Warren Wellington studied Law at the University of Leeds. He completed vacation schemes with Norton Rose Fulbright, Shearman & Sterling and in the London and Singapore offices of Herbert Smith Freehills (HSF). Warren began his London training contract with HSF in September 2016, and has kindly shared with us his advice on how to excel at an assessment day.
1) Do your research
You have been invited to an assessment day, so it is likely that you have already conducted extensive research into the firm and general business news. However, this knowledge needs to be constantly revised and updated. You can accomplish this by adding the firm’s name to Google alerts which will notify you of recent updates. Also, reading the Lex column of the Financial Times and the business section of The Guardian are both great ways to stay commercially aware. Your knowledge may be subject to probing at the interview stage, so go that extra mile and research at least four recent news stories and firm transactions in detail to avoid being caught off guard.
2) Eat and sleep well
Put the late nights on hold in preparation for your assessment day. It will take the sting out of waking up early on the big day and may improve your reaction time when answering unexpected questions. Some assessments may last a full working day. That’s right, 9.30am to 5pm. To last the day without losing enthusiasm, I recommend eating a wholesome breakfast first thing in the morning.
3) Arrive early
Plan your journey well in advance and give yourself at least 30 minutes spare. This allows plenty of time for public transport shortcomings (we all know how frequent those can be). It also gives you extra time to make small-talk with other candidates upon arrival. Doing this can relax your nerves as you will often find that the other candidates are just as nervous as you are. You may even find that you share certain interests, which can make negotiating during the group exercise far more enjoyable.
4) Be yourself
You were invited to an assessment day because the law firm is interested in you! It follows that your assessors will want to get to know your personality. The best way to shine is to simply relax and be yourself. It is also important to strike a balance between being professional and personable. This will assure your interviewer that they can comfortably share an office with you and present you to clients.
5) Manage your time
Bring a digital watch, set time limits and stick to them! Often you will be given very little time to read lots of information. Spend the first few minutes making sure you understand your instructions before even highlighting key parts of the text. Make notes as you read and be sure to dedicate at least one quarter of your time to structuring your answers. Trust me, it will pay off.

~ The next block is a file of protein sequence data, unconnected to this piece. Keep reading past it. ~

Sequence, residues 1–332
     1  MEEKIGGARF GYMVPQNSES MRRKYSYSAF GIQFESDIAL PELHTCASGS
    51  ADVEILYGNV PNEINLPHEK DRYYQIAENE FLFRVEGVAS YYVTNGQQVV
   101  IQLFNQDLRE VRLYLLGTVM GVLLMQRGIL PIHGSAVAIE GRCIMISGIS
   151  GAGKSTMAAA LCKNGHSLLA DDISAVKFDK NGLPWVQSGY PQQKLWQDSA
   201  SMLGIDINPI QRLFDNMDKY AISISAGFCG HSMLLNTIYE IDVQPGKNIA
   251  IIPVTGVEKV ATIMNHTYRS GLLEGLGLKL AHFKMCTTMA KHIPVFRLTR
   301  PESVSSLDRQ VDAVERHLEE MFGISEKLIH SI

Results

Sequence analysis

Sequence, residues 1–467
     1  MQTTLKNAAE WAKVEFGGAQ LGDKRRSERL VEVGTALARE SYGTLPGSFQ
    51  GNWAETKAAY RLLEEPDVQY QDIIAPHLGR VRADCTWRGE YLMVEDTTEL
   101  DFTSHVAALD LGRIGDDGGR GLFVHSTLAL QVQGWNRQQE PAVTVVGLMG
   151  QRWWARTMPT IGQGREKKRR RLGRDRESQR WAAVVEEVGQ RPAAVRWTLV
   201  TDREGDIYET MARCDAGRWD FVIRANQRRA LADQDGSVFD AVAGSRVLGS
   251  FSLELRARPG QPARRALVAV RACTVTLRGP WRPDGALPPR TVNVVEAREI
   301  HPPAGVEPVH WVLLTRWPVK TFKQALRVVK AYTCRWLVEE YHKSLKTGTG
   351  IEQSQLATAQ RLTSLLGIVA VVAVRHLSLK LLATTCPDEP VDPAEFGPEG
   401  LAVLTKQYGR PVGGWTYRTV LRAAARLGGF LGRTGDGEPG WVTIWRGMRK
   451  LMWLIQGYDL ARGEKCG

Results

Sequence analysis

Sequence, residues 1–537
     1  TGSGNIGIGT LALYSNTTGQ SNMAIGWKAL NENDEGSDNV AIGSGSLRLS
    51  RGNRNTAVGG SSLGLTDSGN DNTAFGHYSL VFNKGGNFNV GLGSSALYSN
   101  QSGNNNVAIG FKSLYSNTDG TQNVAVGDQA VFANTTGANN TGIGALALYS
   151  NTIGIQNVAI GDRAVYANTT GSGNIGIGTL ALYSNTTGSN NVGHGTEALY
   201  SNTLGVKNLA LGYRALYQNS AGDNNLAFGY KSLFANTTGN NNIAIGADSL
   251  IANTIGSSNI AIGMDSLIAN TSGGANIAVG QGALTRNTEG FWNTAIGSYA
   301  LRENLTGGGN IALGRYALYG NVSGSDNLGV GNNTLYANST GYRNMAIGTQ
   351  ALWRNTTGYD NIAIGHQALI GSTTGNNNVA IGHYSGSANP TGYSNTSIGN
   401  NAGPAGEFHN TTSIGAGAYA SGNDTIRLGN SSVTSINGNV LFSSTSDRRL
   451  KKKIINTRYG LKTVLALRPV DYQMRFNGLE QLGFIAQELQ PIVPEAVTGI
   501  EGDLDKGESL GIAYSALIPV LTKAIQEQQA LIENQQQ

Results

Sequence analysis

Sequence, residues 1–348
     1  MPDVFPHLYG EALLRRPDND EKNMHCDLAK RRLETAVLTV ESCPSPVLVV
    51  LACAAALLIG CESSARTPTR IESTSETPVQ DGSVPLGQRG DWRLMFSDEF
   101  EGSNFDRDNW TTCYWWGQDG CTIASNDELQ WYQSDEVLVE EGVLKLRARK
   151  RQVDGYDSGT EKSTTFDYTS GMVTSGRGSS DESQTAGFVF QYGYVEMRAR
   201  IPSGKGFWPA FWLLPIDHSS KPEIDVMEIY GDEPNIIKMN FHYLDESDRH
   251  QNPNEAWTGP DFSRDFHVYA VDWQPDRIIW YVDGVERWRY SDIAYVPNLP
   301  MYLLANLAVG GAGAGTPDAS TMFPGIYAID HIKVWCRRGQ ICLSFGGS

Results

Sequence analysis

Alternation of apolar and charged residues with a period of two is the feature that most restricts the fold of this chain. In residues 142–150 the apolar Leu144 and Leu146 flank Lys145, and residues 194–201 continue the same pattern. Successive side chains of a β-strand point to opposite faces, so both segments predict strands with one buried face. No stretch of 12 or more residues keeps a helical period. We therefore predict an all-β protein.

6) Lead and cooperate
The most important aspect of the group exercise is to demonstrate your ability to work as part of a team. You may find the people you are grouped with to be aggressive, overbearing, calm or quiet. Regardless of who they are, for the next twenty minutes or so I recommend that you treat them as colleagues, not competition. Remain composed and engage all of your teammates throughout. Leadership can be demonstrated through the simplest of things such as encouraging others to share their perspectives, setting out a structure for the negotiation or putting yourself forward to be time-keeper. Whatever you do, make a genuine contribution and avoid arguments at all costs.
7) Be clear and concise
If your case study features a written exercise, then be sure to get straight to the point. Lawyers are expected to present complex ideas succinctly. Showing that you have this ability may just distinguish you from other candidates. Practise summarising lengthy articles from The Economist to give yourself an edge when it comes to writing style.
8) Prepare for the unexpected
Think on your feet when presented with new facts about the case study or unusual questions during your competency interview. This is not to say that you should respond on impulse. Talking through your thought process with the interviewer is a great way to demonstrate that you react well to change, but if you are really stuck, taking a sip of water can help to bide some useful time.
9) Think of the day as a marathon, not a sprint
You have more chances to perform well at an assessment day than you would at a standard interview. Apply yourself throughout the entire day, regardless of whether you think you underperformed during one stage of assessment. Some firms will weigh each stage differently whereas others will weigh them equally. Either way, you should give each area your absolute best effort as all of them go towards presenting a balanced picture of you.
10) Gain as much as you can from the process
Assessment days are a great way to learn about yourself and the firm. The firm will have spent a painstaking amount of time to ensure the process draws out the best of what both you and the firm have to offer. You can infer a lot about the firm through their presentation, networking event, guided tour etc. By asking genuine questions you will come across as enthusiastic and learn what it is that attracts you to that type of firm. Regardless of whether you are successful or not, make sure you ask for feedback and apply it in future!